About a year and a half ago, I decided to actively incorporate Heifetz into my playing (though, granted, still on a baroque violin, so with countless concessions). I imitated anything I could, no matter how grand or seemingly-inconsequential: I limited my practice hours to match his, I wore suit jackets in the practice room, I began to play from memory again (definitely not something early musickers like to do), I raised my right elbow, I made sure that my left hand always looked like the slow-motion video of his, I tuned the way he did (very, very short bow strokes, never actually turning the peg while bowing), I stood the way he did, I moved (or didn't move) the way he did. Of course, there are so many things we don't know about how Heifetz played, but one has to start somewhere, and I imitated as much as possible of what we do know.
Since then, my technical improvement has been astonishing. What began as (mere) imitation of a superstar has become a set of good habits, an integral part of my practice routine. (Needless to say, I don't want to imply that I've reached anywhere near the Heifetz heights! That was never my goal -- though, if I did want to go further in that direction, I now know what I'd have to do.) Of course, I never sacrificed my own musicianship, or gave up phrasing, playing, and performing like me. In fact, the whole exercise ceased to be "about Heifetz" ages ago -- but the slow shedding of bad habits hasn't stopped. My musicianship and performing has continued to improve.
The incredible improvements I made during my "Heifetz period" really brought home to me just how important the choice of role model is. The Greats are great for a reason: they not only have the mastery, but they continue to do it. Any musician, of any level, can learn by emulating any of their good habits.
One final thought: today, 23 April, is "Openly Secular Day". As a passionate musician and secularist, I'd like to suggest that evolution itself lurks behind this way of thinking about the violin. The evolutionary image (simple organisms that, through billions of years of steady, imperceptible development, become complex things like beetles, trees or musicians) is a useful one to take to the practice room: normal people, given time, direction, and progress, can become just as great as the Greats. There's lots of talk about how divinely-inspired the best musicians are, but, ultimately, we're all the same species. No miracle is needed to become a Heifetz -- just the right role models, time, and the dedication it takes to learn from them.Tweet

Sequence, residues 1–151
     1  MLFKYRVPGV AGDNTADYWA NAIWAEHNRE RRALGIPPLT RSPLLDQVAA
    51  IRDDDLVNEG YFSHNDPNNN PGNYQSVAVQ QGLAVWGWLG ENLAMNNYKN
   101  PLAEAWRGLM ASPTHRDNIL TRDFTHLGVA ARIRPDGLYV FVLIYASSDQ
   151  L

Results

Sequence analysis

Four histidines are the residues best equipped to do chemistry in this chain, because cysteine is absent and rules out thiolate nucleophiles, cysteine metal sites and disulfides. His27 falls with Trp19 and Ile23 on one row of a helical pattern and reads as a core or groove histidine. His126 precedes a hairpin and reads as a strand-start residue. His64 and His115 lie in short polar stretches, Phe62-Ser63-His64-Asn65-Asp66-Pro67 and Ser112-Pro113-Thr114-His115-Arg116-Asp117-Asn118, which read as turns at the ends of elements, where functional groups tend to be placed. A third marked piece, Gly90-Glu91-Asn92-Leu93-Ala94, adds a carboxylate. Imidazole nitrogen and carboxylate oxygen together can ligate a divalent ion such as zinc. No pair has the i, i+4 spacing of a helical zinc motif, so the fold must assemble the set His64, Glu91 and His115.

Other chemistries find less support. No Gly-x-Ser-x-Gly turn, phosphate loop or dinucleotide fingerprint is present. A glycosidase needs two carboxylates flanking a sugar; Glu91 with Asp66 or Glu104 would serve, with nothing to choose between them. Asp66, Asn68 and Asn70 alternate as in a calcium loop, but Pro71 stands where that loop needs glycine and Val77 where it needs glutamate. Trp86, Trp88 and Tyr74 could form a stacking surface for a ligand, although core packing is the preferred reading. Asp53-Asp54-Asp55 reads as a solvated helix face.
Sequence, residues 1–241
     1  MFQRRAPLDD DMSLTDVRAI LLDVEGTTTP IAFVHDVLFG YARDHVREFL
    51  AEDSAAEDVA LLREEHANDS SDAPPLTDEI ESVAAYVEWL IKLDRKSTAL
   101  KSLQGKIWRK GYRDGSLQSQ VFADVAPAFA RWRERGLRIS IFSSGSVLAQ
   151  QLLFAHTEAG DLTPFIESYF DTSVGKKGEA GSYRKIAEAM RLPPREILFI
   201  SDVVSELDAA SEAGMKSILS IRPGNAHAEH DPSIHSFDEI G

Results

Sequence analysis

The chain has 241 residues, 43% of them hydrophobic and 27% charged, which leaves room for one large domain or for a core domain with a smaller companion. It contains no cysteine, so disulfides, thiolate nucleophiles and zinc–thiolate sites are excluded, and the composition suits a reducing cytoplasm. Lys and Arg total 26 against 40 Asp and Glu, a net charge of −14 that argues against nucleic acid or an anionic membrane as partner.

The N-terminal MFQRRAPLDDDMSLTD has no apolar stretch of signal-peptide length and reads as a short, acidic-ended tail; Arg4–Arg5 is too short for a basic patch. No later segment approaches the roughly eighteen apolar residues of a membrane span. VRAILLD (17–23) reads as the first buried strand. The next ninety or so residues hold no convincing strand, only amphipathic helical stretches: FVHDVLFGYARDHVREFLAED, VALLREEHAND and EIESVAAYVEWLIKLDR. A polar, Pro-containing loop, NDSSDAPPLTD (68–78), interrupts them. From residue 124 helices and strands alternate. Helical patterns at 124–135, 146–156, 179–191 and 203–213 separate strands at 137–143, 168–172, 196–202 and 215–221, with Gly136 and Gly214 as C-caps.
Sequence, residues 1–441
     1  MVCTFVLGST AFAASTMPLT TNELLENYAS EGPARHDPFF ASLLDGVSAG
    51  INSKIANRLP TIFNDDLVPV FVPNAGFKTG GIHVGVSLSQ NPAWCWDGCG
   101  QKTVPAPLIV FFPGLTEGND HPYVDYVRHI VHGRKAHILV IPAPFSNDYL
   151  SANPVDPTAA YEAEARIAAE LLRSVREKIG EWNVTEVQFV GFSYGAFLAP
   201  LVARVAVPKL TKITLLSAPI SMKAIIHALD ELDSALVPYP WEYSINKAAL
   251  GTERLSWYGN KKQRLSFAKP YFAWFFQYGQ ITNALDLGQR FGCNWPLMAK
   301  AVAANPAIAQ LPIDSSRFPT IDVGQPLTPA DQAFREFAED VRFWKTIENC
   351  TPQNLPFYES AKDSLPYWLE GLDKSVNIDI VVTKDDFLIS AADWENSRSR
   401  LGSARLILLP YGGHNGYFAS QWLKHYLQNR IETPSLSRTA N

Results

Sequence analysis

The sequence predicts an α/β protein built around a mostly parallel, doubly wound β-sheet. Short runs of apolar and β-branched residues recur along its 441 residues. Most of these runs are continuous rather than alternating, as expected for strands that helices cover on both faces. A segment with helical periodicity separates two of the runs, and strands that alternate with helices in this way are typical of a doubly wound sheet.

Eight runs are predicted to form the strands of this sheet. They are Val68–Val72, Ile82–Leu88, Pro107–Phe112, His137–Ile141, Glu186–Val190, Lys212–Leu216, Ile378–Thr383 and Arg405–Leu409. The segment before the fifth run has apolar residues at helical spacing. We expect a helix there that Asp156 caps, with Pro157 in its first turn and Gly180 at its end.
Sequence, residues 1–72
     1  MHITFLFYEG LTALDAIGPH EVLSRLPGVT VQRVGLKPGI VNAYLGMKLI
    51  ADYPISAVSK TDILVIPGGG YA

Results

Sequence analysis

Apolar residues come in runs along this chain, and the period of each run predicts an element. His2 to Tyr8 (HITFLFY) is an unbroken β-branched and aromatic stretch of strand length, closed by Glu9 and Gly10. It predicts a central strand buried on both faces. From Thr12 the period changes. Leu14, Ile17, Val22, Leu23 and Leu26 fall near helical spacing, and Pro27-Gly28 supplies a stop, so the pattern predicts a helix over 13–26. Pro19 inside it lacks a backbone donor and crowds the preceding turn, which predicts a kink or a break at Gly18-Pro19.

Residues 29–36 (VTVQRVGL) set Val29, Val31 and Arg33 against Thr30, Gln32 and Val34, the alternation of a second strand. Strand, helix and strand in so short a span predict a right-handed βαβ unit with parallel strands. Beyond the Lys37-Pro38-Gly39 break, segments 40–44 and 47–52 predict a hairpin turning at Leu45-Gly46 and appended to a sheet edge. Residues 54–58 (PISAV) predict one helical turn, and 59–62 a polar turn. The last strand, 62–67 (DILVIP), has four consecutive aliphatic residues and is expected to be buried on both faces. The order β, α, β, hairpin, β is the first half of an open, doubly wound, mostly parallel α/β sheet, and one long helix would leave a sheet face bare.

Jennifer Burns is a violist, educator, and performer with the Toledo Symphony. She completed her studies at the Cleveland Institute of Music and the University of Illinois: Champaign-Urbana. She began to have unusual symptoms in her left hand around 2011, and went through a lengthy process of evaluation and testing to eventually conclude years later that she was developing focal dystonia. She recently worked with Dr. Joaquin Farias in Toronto, ON, to rehabilitate and is also working towards Montessori educator certification.
Kayleigh: When you initially had unusual symptoms in your left hand, you initially suspected focal dystonia, yet no one seemed to give you credence. How was your initial diagnosis process, and what is focal dystonia?
Jennifer: Focal dystonia is a neurological movement disorder, that for me, affects my left ring finger. When trying to play viola, the ring finger (along with the pinky) will pull in towards my palm involuntarily and/or refuse to lift off the string when I'm trying to use it to play a note.
After googling my symptoms, I was aware that my issues were similar to focal dystonia, but my physical therapist at the time quickly dismissed the idea. While I still suspected FD, I so badly wanted it to be something else that I was happy to believe her. I sought out many different treatments, but nothing seemed to help. Finally, I was being treated by two awesome physical therapists who said I should be showing more improvement with their treatments, and they suggested I see a neurologist. I knew then it was focal dystonia.